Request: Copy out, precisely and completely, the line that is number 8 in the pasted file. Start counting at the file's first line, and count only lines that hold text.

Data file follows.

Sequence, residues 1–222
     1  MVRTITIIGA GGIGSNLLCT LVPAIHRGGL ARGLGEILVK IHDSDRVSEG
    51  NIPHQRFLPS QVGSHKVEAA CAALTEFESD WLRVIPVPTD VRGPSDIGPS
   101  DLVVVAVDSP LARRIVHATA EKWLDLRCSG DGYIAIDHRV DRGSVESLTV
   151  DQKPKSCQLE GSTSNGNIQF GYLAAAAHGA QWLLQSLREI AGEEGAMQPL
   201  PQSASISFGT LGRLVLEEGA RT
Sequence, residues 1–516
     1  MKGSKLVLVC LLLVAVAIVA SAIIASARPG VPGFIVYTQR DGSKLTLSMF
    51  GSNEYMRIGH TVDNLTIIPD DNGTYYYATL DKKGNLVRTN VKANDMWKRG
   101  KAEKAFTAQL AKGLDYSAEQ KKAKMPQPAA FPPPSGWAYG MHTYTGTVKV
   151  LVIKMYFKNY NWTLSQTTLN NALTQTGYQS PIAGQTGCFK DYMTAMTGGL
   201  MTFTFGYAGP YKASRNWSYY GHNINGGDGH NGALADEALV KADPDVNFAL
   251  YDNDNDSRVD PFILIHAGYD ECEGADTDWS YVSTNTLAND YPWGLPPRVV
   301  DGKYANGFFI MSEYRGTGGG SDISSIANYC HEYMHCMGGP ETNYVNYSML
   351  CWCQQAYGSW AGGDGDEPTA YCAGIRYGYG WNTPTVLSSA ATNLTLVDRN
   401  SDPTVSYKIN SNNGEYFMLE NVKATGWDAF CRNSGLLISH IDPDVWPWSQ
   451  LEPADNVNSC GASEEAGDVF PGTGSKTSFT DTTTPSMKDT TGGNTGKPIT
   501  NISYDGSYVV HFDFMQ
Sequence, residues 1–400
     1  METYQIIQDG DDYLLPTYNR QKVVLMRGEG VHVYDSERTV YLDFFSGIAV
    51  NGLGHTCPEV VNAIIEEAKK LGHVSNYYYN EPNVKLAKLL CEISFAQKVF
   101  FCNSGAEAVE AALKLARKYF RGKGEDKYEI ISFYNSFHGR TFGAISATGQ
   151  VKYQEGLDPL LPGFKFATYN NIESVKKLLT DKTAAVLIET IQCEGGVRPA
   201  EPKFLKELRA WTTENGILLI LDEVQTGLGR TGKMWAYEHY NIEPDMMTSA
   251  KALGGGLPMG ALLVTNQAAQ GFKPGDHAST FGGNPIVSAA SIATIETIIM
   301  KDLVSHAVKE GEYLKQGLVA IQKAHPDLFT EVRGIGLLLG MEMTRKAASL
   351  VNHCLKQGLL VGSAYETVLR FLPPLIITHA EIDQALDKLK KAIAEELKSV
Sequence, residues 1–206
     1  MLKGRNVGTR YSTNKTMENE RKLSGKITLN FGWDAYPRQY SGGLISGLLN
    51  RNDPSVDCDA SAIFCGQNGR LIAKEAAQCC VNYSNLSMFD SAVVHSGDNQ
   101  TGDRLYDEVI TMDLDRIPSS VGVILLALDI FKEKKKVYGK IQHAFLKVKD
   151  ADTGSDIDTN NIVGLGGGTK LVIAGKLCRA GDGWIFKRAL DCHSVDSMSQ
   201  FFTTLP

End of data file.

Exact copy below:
     1  MKGSKLVLVC LLLVAVAIVA SAIIASARPG VPGFIVYTQR DGSKLTLSMF